Strange Case of Origami Yoda by Tom Angleberger
Um, yeah, I got sucked in by the first paragraph. Read the whole book. Laughed out loud. Loved it. This wasn’t just a “funny” book. This was a story with heart and humor.
Premise from inside cover:
Sixth grader Tommy and his friends describe their interactions with a paper finger puppet of Yoda, worn by their weird classmate Dwight, as they try to figure out whether or not the puppet can really predict the future.
Opening lines introduced the heart of the conflict and what was at stake. I immediately knew I would read the whole book.
Each chapter is a different case file narrated by Tommy’s classmates. And Tommy and his “unbeliever” friend, Harvey, add in their comments at the end of each chapter. Each case file is surprising, original, and moving.
And, of course, Tommy has to figure out if origami yoda is real before he makes a decision concerning a certain girl.
What great writing concepts can I steal from this book?
- It wasn’t funny for the sake of being funny.
- Each case was unique, specific, funny – but believable.
- An original and humorous premise.
- The author knew the target audience.
- Perfect mix of great telling and showing.
- A cast of fully developed characters.
- Mystery introduced early on.
- Satisfying ending with heart.
Humor take away: funny premise and suprising the reader on every page.
What stories do you remember that had a funny premise? Or a book that kept surprising you page after page?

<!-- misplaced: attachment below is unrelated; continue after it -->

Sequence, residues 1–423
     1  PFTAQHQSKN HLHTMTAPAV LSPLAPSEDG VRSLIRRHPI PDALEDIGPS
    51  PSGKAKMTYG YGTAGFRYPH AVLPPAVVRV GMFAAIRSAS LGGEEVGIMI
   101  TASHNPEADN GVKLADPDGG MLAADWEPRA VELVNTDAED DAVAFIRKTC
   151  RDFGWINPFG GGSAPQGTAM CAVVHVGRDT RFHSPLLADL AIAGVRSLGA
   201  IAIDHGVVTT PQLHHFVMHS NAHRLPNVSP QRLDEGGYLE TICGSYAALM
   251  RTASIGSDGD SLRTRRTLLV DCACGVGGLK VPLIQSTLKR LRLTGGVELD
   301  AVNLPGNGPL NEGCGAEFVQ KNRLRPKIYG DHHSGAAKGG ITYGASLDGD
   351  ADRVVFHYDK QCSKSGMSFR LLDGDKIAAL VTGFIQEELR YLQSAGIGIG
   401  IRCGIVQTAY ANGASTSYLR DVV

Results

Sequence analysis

I would love to write a story with humor and heart. Not sure how to though. Or maybe the right story hasn’t come my way yet.
That begs the question – does the premise or character have to be funny in order to inject a bit of humor?
I have to read this with my son!!!!! I’ve been meaning to read it, but forget about it. Thanks for the reminder!
Kelly – It’s a great read aloud book since a lot of the chapters are separate cases and like mini stories!
That title is priceless . . . I have to look that one up.
One of the funniest books I ever read was ‘Diary of a Mad Mom to Be’ by Lauren Wolf. The situations were histarical along with the MC’s voice.
Origami Yoda sounds really cute and funny! Thanks for shedding light on this book!
Great post! This book sounds great!
In the MG realm, No Talking and Stargirl both surprised me with their unusual yet simple premises and their humor with heart.
In YA, I like Deb Caletti for lighter tone novels which still have depth.
In adult, nothing beats Douglas Adams (Hitchhiker’s Guide to the Galaxy)…okay, maybe not for heart, but for humor with meaning and depth hiding in it.
Jennifer – I do remember Stargirl. Very funny premise even though it wasn’t funny for the main character – which I think is why it worked so well!
Katie – I haven’t heard of that but just the title sounds funny – esp. since I’m a mom!
It sounds like this book accomplished a lot in the humor department. I love a book that surprises me on every page.
I love that you are doing this! i look forward to checking out this book.
That sounds like a really good read. I like that it’s original. Originality seems harder to find these days.
To answer your question, most of the winners of the Noble prize for literature, I search out those from other countries and read in translation. One favourite that stands out – William Golding’s Pincher Martin.
LOVE this book and super excited that they’re doing a sequel. My Dad is getting his own folded origami Yoda for Christmas, if I can figure out the instructions 🙂
Be More Chill by Ned Vizzini comes to mind. Very funny book.
ps. I really like your list of concepts!!
I haven’t heard of this book before, but just the title alone makes me want to read it!
I loved this book. My very favorite thing is that it’s all about Dwight’s method for breaking out of the stereotype of himself through showing, not telling. That in itself is amusing.
Very true, Marcia. I never really looked at it that way. Great point.